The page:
During late 1972 and early 1973 the White House seemed to have succeeded in stalling the FBI investigation. The official story put forth by the President’s men, however, began to fall apart on February 28, 1973, when L. Patrick Gray, the then-acting FBI director, admitted he believed that John Dean had “probably” lied to the agents investigating the break-in, and also confessed to having followed Dean’s orders to keep the White House informed about the evolution of the investigation. Gray’s slip moved John Ehrlichman to pronounce his famous dictum: the White House should leave Gray to “twist slowly, slowly, in the wind.” This they did until about a month later, on April 27, when Gray was forced to resign after owning up to having destroyed secret documents removed from Howard Hunt’s safe, again under the orders of John Dean and ostensibly on national security grounds. By the time Gray fell into disgrace, James McCord—former CRP security chief and, amazingly, one of the five men already serving prison sentences—broke down and sent a letter to judge John Sirica admitting to having committed perjury during his trial and withdrawing the testimony in which he had blamed the CIA for the break-in. Immediately afterwards, McCord led investigators into the White House, John Dean gave in too and, from April 1973 onwards, began to cooperate with the prosecution in exchange for leniency.
Once the dam of lies cracked, it quickly collapsed under the increasing flow of revelations that would eventually drown the presidency. Haldeman, Erhlichman, and US Attorney General Richard Kleindienst resigned on the same day (April 30) that Dean was sacked. Shortly thereafter, the White House was forced to appoint Archibald Cox as special prosecutor to investigate the President’s own conduct. Even worse from Nixon’s perspective, by then the Senate Select Committee on Presidential Campaign Activities (variously known as the Watergate Committee or the Ervin Committee, after its president, Sam Ervin) had begun its nationally televised hearings. By that point, therefore, the whole affair was being investigated by the Senate committee, Special Prosecutor Cox, and Judge John Sirica, not to mention Woodward and Bernstein of the Washington Post and an increasing number of journalists from other major national newspapers. The penultimate act of the Watergate drama unfolded—delivered live to the homes of the American public—on July 13, when Nixon’s appointments secretary, Alexander Butterfield, let slip that the President had installed the soon-to-be-famous recording system. Instantly both Cox and Ervin demanded the tapes, which Nixon flatly refused to hand over, claiming executive privilege—that is, the right of the president to withhold information from Congress or the tribunals on national security grounds.
The President’s refusal, which led to his ordering Cox’s dismissal and accepting the indignant resignations of both Elliot Richardson (who had replaced Kleindienst as attorney general) and Richardson’s deputy, William Rucklehaus, in what became known as the “Saturday Night Massacre,” did nothing to improve his public standing. Moreover, it served as further evidence of Nixon’s tendency to abuse the power of his office. What was still a (certainly growing) suspicion became a certainty when, after the Supreme Court in United States v. Richard Nixon ordered the President to hand over the tapes, the smoking-gun conversation became public on August 5, 1974. There is little evidence of Nixon approving of, or even having any prior knowledge of the break-in, which had been authorized by CRP senior staffers John Mitchell, Jeb Stuart Magruder, and Robert Mardian. Nixon, in fact, can be heard in the tapes wondering aloud about who could have approved such a foolish action (although, on the other hand, he knew he was being recorded), and it is abundantly clear he was lied to by his subordinates.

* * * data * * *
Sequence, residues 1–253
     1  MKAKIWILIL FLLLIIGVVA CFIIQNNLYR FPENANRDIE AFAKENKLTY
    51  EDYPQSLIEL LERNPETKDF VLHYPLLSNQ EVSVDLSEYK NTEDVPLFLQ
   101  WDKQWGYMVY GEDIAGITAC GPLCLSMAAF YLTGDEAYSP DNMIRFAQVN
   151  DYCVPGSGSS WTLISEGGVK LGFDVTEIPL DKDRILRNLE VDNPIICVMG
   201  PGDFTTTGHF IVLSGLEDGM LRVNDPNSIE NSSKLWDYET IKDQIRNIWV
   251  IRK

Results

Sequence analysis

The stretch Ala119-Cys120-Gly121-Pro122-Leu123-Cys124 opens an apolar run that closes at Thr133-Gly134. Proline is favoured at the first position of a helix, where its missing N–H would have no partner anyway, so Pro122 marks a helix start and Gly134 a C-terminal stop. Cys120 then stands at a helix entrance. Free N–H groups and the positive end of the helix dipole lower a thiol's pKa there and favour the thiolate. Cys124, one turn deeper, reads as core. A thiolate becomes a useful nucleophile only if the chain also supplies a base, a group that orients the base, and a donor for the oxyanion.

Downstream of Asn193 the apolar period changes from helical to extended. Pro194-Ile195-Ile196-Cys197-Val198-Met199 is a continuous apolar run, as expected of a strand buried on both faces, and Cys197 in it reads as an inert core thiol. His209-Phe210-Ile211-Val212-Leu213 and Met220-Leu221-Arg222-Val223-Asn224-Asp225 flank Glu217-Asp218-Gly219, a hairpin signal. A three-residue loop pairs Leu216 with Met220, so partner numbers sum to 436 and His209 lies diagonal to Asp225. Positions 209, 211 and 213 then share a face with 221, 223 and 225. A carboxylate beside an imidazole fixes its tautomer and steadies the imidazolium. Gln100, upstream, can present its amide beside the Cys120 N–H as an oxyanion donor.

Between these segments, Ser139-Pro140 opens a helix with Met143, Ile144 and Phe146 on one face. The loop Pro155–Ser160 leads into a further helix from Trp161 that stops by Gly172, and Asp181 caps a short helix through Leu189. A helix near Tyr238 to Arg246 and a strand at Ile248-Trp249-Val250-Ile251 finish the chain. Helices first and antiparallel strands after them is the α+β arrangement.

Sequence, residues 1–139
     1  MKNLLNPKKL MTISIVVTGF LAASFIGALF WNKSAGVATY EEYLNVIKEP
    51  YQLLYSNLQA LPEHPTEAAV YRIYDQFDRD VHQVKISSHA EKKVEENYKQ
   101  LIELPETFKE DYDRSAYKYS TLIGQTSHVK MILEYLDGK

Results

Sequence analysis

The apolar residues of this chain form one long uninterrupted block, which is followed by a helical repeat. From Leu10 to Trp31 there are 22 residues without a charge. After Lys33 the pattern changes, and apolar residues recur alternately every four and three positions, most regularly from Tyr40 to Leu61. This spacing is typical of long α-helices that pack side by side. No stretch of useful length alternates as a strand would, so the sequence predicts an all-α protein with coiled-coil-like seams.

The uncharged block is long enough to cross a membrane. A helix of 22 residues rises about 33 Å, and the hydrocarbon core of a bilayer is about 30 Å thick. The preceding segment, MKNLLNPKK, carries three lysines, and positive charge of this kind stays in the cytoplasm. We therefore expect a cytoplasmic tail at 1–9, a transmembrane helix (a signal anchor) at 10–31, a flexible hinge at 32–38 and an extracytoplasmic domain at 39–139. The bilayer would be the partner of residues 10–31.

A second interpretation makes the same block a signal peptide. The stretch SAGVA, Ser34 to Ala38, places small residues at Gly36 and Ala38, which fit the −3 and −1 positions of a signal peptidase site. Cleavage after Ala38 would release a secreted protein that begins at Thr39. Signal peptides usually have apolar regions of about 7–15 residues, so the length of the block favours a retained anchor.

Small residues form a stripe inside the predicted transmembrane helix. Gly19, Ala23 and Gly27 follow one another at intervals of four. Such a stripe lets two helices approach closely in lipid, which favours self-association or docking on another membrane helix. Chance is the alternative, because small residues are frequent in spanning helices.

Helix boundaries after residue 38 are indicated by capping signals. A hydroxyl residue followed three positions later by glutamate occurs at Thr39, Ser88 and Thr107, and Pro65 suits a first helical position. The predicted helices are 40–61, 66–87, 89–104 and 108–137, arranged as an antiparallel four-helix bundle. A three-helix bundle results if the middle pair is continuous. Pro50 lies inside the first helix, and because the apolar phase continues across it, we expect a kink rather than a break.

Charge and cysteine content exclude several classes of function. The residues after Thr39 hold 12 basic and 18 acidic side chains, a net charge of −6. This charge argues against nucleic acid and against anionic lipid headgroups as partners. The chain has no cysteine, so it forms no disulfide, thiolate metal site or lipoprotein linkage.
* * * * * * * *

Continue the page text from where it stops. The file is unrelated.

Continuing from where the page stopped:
Yet, even if he had little to do with organizing the break-in, the tape abundantly demonstrated how, in the course of the subsequent cover-up, the President’s conduct fell within all three articles of impeachment passed by the House Judiciary Committee: obstruction of justice, abuse of power, and contempt of Congress. After a group of senior Republican senators led by Barry Goldwater let him know that they could not guarantee his tenure, Richard Nixon became the first president of the United States to resign from office, on August 8, 1974. The Watergate scandal drew to a close when, to the considerable frustration of many segments of the American public, Nixon’s successor, Gerald R. Ford, granted the disgraced ex-president a full pardon, which put an end to all further investigations into his conduct in office. Ford’s stated intent for issuing the pardon was to end the agony that Nixon had inflicted upon the nation, and to protect whatever was left of the prestige accorded to highest office in the land. As it was, Ford’s decision significantly contributed—as he knew it would—to his losing the 1976 election. Nevertheless, this sacrifice possibly contributed to bringing about much-needed national healing earlier than would otherwise have been possible, and it almost certainly saved the entire political class some considerable embarrassment. Alas, it also fueled the subsequent, and persistent, perception of Watergate as unfinished business. The absence of a Nixon trial has fostered both a sense of injustice and the feeling that not everything (perhaps not even the most important details) is yet known about Watergate.